Legal Question in Criminal Law in Pennsylvania

Prosecuting someone who knowingly passed and std to someone else.

If a person knows they have an std, and they have sex with another person without telling them and pass them the std, can they be prosecuted? Also, can you please refer me to a case where such a thing has happened if there is one. Is it plausible for a law to be passed in order to prevent this. Could unprotected sex be a crime? If you could, I could also us an analogy-a case where a person was prosecuted for knowingly harming someone in a similar way. Any response will be greatly appreciated. Thank you very much.

Asked on 11/01/99, 6:39 pm

1 Answer from Attorneys

Kevin Begley Kevin J. Begley - Attorney at Law

Re: Prosecuting someone who knowingly passed and std to someone else.

You really know how to ask a tough question.

I don't know if anyone has been criminally charged in PA for giving someone AIDS, but I am sure it has happened elsewhere. AIDS kills. I read about the early CDC investigations on AIDS. There was a French-Canadian airline stweard who kept popping up in the CDC investigation of AIDS origins. The CDC had this guy in and explained to him he was having sex with other men (and maybe a few women), and they were dying. Years later they were STILL having his name pop up in their investigation. They had him in again. When they explained he was KILLING people, he said he didn't care. I'd have shot the SOB.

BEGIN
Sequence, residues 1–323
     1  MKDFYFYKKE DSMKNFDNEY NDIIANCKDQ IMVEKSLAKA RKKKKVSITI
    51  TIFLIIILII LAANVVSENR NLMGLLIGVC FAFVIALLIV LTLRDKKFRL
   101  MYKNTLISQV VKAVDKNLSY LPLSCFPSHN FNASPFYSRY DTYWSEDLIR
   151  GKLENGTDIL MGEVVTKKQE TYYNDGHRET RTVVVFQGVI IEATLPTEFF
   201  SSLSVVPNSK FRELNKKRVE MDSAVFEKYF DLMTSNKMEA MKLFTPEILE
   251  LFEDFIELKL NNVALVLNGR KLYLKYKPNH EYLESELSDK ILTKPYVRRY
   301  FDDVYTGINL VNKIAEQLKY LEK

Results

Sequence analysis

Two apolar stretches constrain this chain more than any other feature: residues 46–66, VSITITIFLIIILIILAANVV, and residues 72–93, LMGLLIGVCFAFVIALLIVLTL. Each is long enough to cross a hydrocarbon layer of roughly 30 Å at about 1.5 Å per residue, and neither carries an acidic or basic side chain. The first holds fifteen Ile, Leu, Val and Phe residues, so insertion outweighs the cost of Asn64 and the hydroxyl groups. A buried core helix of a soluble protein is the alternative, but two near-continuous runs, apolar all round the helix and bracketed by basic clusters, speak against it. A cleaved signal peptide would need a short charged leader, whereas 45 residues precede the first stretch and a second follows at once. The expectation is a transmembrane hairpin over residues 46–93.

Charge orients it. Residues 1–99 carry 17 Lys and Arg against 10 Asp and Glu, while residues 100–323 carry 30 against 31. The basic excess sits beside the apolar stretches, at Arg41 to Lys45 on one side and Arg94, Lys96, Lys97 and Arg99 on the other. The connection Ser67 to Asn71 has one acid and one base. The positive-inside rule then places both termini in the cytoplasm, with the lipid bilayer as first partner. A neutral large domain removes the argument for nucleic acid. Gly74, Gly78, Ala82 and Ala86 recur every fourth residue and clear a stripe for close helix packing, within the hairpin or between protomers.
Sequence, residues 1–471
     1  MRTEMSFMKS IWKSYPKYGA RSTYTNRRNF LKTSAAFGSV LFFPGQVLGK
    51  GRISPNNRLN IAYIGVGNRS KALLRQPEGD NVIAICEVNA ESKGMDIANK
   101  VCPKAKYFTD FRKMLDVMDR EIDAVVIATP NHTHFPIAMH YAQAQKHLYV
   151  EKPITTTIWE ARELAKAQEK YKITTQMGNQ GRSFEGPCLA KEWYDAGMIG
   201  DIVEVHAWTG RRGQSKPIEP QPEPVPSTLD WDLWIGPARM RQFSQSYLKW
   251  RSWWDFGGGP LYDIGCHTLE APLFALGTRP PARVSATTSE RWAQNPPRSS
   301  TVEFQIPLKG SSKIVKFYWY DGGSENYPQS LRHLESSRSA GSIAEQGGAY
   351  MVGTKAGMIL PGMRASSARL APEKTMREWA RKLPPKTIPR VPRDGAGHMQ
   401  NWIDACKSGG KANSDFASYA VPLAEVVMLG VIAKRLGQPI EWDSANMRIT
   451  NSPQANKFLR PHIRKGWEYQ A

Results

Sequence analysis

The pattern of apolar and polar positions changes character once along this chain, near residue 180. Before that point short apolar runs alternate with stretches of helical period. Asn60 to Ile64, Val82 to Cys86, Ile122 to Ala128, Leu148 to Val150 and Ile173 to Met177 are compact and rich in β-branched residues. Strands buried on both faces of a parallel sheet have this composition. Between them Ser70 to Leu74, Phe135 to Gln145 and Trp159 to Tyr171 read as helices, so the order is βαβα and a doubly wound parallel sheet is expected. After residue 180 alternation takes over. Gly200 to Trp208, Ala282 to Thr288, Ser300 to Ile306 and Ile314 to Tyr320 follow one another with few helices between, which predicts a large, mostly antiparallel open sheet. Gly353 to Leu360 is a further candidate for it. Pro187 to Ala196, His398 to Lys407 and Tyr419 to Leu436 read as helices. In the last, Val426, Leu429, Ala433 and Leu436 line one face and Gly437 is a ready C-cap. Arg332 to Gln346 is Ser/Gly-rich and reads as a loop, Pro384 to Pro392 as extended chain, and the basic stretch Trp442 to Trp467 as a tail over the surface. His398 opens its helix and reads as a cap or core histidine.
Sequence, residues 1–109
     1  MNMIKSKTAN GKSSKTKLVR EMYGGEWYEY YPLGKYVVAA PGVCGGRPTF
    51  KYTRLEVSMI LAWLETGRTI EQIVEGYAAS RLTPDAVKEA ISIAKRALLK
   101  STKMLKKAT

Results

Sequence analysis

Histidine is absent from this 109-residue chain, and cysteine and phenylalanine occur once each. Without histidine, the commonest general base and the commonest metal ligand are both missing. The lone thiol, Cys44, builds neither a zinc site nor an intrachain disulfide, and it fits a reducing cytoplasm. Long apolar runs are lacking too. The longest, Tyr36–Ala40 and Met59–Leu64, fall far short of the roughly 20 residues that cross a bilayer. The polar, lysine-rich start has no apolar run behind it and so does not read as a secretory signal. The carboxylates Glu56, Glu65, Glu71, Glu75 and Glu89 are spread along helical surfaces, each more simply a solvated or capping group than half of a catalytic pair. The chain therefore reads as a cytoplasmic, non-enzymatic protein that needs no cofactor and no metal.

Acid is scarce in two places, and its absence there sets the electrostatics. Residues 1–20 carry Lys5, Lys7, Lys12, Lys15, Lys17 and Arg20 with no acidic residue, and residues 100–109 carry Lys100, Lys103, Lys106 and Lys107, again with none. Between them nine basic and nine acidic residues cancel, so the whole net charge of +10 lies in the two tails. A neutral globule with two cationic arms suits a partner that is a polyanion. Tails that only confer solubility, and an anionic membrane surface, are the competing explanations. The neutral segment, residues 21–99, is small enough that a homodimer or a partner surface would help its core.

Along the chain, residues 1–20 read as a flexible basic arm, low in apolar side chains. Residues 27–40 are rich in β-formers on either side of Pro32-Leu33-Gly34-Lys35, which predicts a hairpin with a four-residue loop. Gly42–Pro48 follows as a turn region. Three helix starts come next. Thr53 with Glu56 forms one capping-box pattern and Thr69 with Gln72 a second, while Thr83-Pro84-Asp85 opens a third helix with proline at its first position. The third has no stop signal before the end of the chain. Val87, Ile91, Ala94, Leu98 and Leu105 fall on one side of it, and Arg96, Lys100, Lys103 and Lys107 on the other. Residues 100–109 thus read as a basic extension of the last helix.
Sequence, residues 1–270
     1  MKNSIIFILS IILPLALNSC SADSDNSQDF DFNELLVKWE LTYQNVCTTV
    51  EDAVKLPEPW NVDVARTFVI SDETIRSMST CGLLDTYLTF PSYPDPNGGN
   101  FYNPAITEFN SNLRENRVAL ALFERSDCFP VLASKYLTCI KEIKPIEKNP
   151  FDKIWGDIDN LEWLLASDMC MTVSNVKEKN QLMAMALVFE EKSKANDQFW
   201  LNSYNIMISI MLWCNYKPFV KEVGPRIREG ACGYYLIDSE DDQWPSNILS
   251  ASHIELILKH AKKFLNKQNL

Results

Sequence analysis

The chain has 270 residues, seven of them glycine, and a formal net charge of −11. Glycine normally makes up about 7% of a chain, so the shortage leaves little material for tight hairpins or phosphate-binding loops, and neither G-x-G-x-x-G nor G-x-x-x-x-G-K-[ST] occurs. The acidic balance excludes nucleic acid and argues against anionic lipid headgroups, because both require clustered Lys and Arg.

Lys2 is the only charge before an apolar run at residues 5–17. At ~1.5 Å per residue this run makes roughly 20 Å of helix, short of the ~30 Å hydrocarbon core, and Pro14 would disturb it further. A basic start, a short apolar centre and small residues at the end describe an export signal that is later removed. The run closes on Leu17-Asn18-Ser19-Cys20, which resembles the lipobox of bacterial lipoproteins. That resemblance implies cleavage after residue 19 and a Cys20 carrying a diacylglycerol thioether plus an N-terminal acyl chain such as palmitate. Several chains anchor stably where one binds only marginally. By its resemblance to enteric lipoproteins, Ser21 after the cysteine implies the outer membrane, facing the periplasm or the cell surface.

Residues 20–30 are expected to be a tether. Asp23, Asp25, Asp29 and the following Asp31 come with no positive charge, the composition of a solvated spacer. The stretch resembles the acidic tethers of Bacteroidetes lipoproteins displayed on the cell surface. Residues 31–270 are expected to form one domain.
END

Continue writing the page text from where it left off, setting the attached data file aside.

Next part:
Civilly you can be sued for damages for giving someone a STD. The amount of damages would depend upon the STD, your conduct in getting the STD, it's impact upon you, and (I'm assuming the giver knew they were exposing the givee to the STD) other factors (did the giver offer to use a condom, or reject the use of a condom, did they intend to spread the misery, etc.).

There may be existing legislation regarding the knowing exposure or transfer of a STD infection, but I am not aware of one. The problem is in drafting the law so you can punish the people giving the disease to others intentionally, and the accidental transmission of the disease. The first situation you WANT to punish. The second situation, you may want to discourage, but you probably don't want to punish. Legislators and health care people are always afraid criminalizing a disease drives people to hide their problem where as a society we want to encourage them to seek treatment. No one will get testing if they think they have a disease if they are afraid that later someone might use it against them later (i.e.- you KNEW you had AIDS in 1995, because you were tested).

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Answered on 11/02/99, 11:50 pm

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